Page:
Maritime security is of crucial importance to energy security as more than half of the world’s oil is transported by sea. To reach U.S. consumers and industries, after oil leaves ports and harbors around the world it must pass through narrow sea lanes that are often highly vulnerable to disruption, or global chokepoints.
The world’s largest chokepoints have historically been the targets of attacks from pirates and threats from hostile nations to lay mines in the international waters, as Iran has done with the Straight of Hormuz.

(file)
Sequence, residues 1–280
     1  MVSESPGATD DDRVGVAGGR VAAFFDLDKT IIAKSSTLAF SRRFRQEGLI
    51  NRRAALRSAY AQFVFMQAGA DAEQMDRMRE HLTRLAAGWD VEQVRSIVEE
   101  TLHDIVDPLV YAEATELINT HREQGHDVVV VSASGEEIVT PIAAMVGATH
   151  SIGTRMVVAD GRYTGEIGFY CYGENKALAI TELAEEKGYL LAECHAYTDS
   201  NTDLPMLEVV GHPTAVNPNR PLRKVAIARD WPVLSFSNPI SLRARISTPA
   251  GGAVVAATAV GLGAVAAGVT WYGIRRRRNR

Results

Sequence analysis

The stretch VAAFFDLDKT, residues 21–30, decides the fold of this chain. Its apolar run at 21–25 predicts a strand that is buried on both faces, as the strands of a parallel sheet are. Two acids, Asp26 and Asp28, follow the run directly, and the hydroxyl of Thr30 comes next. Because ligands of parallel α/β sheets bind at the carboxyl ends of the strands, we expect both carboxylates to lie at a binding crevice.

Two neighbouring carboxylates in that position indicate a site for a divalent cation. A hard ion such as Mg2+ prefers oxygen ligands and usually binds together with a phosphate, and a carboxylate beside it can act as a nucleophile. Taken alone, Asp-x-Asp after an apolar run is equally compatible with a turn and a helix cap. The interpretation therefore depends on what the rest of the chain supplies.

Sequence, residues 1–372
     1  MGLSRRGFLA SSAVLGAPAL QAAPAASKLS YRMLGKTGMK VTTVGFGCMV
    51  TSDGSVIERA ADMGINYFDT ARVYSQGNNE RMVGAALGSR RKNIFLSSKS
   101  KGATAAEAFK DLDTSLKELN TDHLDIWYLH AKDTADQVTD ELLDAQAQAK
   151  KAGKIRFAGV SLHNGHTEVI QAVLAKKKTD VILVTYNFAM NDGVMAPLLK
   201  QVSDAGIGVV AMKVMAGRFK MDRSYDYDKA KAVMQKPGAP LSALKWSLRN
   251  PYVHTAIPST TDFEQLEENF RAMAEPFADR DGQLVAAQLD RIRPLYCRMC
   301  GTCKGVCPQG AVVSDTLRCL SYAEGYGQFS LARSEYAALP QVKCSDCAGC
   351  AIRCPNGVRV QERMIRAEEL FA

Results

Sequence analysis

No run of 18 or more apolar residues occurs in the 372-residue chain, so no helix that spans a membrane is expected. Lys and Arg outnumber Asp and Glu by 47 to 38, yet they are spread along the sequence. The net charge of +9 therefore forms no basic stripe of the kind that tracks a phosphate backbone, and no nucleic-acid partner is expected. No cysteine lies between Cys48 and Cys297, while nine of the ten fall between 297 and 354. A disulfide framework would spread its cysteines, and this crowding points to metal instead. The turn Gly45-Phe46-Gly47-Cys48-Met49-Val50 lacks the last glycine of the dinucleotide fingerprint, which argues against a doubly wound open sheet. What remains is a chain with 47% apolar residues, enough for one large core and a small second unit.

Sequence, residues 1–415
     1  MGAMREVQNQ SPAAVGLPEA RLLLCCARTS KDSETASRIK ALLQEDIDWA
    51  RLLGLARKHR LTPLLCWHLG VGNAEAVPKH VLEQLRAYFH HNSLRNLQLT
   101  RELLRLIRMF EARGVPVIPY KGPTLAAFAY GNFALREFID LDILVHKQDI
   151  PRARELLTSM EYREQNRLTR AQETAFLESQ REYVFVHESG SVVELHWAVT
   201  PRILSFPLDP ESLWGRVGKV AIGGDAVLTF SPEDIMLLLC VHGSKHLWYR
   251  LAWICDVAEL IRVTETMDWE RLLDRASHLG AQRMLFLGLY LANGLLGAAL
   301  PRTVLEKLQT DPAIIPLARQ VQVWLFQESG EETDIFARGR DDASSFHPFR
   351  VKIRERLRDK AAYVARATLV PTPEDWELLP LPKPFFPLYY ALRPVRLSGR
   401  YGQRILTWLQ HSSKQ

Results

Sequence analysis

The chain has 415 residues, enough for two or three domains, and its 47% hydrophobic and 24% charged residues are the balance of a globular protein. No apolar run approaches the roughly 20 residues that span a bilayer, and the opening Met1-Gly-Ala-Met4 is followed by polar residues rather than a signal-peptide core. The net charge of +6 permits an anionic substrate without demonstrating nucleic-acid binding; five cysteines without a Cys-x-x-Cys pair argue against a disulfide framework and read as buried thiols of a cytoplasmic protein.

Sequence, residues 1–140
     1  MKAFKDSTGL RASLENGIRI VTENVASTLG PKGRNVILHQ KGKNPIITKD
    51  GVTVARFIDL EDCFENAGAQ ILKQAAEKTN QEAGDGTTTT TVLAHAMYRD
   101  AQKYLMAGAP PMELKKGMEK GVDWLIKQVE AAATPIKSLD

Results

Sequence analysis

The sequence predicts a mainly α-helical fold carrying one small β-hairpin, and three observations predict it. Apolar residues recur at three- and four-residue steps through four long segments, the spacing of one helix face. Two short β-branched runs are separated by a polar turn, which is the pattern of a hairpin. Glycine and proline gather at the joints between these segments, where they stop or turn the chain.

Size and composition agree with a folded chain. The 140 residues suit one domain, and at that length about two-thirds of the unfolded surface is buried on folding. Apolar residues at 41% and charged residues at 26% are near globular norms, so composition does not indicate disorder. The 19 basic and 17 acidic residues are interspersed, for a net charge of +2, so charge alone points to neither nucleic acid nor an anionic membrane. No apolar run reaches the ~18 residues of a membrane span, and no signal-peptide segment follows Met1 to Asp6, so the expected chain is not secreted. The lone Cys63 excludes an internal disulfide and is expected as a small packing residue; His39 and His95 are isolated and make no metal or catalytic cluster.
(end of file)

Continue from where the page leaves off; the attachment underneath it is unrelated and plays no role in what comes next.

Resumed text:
The U.S. pays close attention to these chokepoints due to the potentially catastrophic nature of a choking off of the global oil supply, which could drive up costs and threaten critical energy supply. The below map shows that the Straight of Hormuz is the most important of these chokepoints, where 17 million barrels of oil pass through daily.